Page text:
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 Table of Contents  
Year : 2018  |  Volume : 5  |  Issue : 3  |  Page : 259

Perioperative care and hypothyroidism

Department of Neurology, Obstetrics and Gynaecology, Dr S.N. Medical College, Jodhpur, India

Date of Submission13-Sep-2016
Date of Acceptance22-Feb-2017
Date of Web Publication31-Aug-2018

Correspondence Address:
Khichar P Shubhakaran
House No. E-22/13-Umaid Hospital Campus, Jodhpur, Rajasthan - 342 001
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Source of Support: None, Conflict of Interest: None

DOI: 10.4103/roaic.roaic_80_16

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How to cite this article:
Shubhakaran KP, Khichar RJ. Perioperative care and hypothyroidism. Res Opin Anesth Intensive Care 2018;5:259

How to cite this URL:
Shubhakaran KP, Khichar RJ. Perioperative care and hypothyroidism. Res Opin Anesth Intensive Care [serial online] 2018 [cited 2020 Jun 4];5:259. Available from: http://www.roaic.eg.net/text.asp?2018/5/3/259/240275

The case report entitled ‘occult hypothyroidism and postoperative noninvasive ventilation’ is an important observation and documentation [1]. Hypothyroidism can be subclinical and may be asymptomatic in some patients [2]. There are also reports of cardiac arrest in asymptomatic hypothyroidism in such circumstances [3].

We present the case of a 17 year old girl who suffered a cardiac arrest when undergoing incision and drainage of an abscess. The patient before arrest was quite stable with normal cardiorespiratory functions. The patient was administered 1 mg/kg body weight of midazolam infusion and a stat dose of 0.2 mg of glycopyrollate. Thereafter, the patient was administered ketamine 1.5 mg/kg total dose. Incision was uneventful, but at the near completion of drainage the patient developed cardiac arrest, which was managed with a single intravenous dose of atropine and adrenaline along with mouth-to-mouth, ambu bag respiratory support and cardiac massage. The patient was revived immediately and put on synchronized intermittent mechanical ventilation (SIMV) mode respiratory support.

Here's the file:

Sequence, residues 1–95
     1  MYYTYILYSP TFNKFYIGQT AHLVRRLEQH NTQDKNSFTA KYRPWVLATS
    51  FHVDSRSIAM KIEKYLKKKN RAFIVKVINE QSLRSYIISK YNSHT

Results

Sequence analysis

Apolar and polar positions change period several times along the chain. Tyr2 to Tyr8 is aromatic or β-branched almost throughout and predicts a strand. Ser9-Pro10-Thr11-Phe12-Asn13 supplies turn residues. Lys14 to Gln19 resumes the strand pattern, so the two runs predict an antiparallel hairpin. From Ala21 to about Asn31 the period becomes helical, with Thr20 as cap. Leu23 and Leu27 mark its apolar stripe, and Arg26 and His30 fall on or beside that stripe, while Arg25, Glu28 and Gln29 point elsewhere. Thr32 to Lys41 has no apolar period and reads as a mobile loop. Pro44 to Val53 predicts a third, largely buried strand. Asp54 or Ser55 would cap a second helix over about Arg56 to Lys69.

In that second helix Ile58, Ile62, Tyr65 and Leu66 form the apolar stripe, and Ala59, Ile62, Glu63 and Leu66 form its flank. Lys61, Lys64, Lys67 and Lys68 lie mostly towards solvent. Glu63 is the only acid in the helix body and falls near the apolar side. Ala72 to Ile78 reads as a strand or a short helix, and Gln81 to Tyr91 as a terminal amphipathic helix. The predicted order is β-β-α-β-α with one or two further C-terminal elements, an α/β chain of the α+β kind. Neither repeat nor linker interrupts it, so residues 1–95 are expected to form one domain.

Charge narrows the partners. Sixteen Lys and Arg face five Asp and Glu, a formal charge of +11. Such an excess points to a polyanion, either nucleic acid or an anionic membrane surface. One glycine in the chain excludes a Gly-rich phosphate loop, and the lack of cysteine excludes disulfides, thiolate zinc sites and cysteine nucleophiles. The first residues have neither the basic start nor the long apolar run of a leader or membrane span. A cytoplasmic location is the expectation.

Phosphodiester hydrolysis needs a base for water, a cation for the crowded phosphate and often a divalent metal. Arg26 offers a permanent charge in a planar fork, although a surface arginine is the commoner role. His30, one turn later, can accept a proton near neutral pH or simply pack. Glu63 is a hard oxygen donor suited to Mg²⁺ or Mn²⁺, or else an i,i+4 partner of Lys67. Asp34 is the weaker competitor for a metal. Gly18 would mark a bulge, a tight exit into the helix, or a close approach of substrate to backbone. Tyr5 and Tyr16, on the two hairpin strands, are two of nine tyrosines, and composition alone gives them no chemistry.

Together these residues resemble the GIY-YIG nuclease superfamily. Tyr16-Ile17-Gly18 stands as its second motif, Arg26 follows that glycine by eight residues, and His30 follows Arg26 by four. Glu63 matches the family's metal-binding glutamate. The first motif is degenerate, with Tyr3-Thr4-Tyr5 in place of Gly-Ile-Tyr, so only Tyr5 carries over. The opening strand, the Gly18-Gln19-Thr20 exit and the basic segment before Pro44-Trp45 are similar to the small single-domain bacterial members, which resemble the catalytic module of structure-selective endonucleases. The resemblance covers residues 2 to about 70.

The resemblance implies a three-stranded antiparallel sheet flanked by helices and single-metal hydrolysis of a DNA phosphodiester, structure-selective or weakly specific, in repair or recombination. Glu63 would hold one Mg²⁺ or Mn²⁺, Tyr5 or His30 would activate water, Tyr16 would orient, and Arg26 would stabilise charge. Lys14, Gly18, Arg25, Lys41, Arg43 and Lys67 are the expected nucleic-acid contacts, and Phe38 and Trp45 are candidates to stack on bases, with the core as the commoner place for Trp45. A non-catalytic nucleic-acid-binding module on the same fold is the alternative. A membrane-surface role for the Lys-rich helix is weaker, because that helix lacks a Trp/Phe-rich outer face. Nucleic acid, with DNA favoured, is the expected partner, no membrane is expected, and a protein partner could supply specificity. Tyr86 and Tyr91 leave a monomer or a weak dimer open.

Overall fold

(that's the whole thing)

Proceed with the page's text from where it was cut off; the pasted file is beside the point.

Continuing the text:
Just after resuscitation, the patient was drowsy but in arousable state. The patient was further taken care of in the ICU and the cause of respiratory compromise was not evident. We tried to look into various reasons of cardiac arrest in an otherwise young female. The patient’s pulse rate was around 60–62 on repeated observations. This clue led us to think of as cardiac status after revival was normal and hypoxemic anoxic encephalopathy part was also recovering dramatically on ventilatory support. We performed the thyroid function tests, and the thyroid-stimulating hormone level was 56.47 IU. The patient was maintained on thyroid replacement therapy and had an excellent recovery in the next 2–3 days and the patient weaned off of the ventilatory support very smoothly.

American Association of Clinical Endocrinologists and American Thyroid Association advocate aggressive case finding and recommend screening of individuals with certain clinical conditions or characteristics rather than the general population. These societies argue that subclinical hypothyroidism adversely affects cardiovascular outcomes and thus merits case finding [4]. Recognition of this state and screening of such patients preoperatively or perioperatively can save many lives and prevent from developing debilitating complications, which further adds to the complications [5].

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Conflicts of interest

There are no conflicts of interest.

  References Top

Hariharan U. Occult hypothyroidism and postoperative noninvasive ventilation. Res Opin Anesth Intensive Care 2016; 3:89–90.  Back to cited text no. 1
  [Full text]  
Fatourechi V. Subclinical hypothyroidism: an update for primary care physicians. Mayo Clin Proc 2009; 84:65–71.  Back to cited text no. 2
Sudha P, Koshy RC, Pillai VS. Undetected hypothyroidism and unexpected anesthetic complications. J Anaesthesiol Clin Pharmacol 2012; 28:276–277.  Back to cited text no. 3
[PUBMED]  [Full text]  
Burns RB, Bates CK, Hartzband P, Smetana GW. Should we treat for subclinical hypothyroidism?: grand rounds discussion from Beth Israel Deaconess Medical Center. Ann Intern Med 2016; 164:764–770.  Back to cited text no. 4
Puri V, Gupta A. Weakness in the critically ill: can we predict and prevent?. Neurol India 2016; 64:606–607.  Back to cited text no. 5


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